Tory “compassion” in face of unemployment
A Conservative government would not stand by while unemployment rises in Britain, David Cameron said this afternoon.
Between June and August the number of people without jobs rose by 164,000, increasing the total to 1.79 million.
Mr Cameron moved firmly away from his party’s traditional laissez-faire approach to unemployment as a painful but necessary consequence of a recession.
“There’s a certain approach to this which says that however painful this may be, large-scale unemployment is an unavoidable consequence of recession, that because it’s the natural movement of the markets, all that government can do is stand by and pick up the pieces,” he said at the Conservative Women’s Organisation conference in London.
“I am not one of those people. I wholly disagree with that view.”
The Tory leader argued his party had a responsibility to take action against unemployment because of its values and because “it is in no one’s interests to allow long-term unemployment to take root”.
Mr Cameron said his party would not “walk on by when people lose their jobs”, adding that the prime minister was “taking the British public for fools”.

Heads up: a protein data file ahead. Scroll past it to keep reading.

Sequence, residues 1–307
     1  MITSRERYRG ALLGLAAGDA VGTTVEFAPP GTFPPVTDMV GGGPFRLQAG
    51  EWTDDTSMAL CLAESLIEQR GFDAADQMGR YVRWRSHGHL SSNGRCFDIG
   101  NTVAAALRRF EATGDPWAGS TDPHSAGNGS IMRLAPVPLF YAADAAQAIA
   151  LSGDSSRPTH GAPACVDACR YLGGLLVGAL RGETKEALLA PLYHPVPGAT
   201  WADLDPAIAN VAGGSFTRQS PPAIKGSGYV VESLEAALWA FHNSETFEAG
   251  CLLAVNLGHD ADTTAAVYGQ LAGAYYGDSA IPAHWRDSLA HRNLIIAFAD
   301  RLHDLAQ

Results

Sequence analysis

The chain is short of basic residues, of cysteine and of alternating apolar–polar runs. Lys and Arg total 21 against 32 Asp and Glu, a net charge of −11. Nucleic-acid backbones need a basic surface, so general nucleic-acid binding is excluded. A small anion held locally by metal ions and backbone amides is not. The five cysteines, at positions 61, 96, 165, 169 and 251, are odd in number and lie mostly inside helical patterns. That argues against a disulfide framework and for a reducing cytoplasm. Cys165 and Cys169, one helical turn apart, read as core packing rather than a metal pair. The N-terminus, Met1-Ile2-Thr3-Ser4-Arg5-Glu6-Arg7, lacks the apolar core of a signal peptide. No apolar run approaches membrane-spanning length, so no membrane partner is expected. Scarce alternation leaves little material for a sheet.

“We can not allow Gordon Brown’s broken economy to deepen problems in our broken society,” the Tory leader said.
But he failed to present any specific measures the Tory party would implement to deal with the problem. Unemployment is expected to rise further in the coming months as the British economy enters recession.
“The authentic Conservative response to the pain of mass unemployment is a fusion of this compassion with responsibility,” he added.
“Not just throwing money at the problem – because that would be irresponsible. But not just standing by either – because that would be lacking in compassion.”
Mr Cameron said that tomorrow, himself, shadow chancellor George Osborne and shadow Secretary of State for Children, Schools and Families Michael Gove would be making a “clear announcement on tax changes”.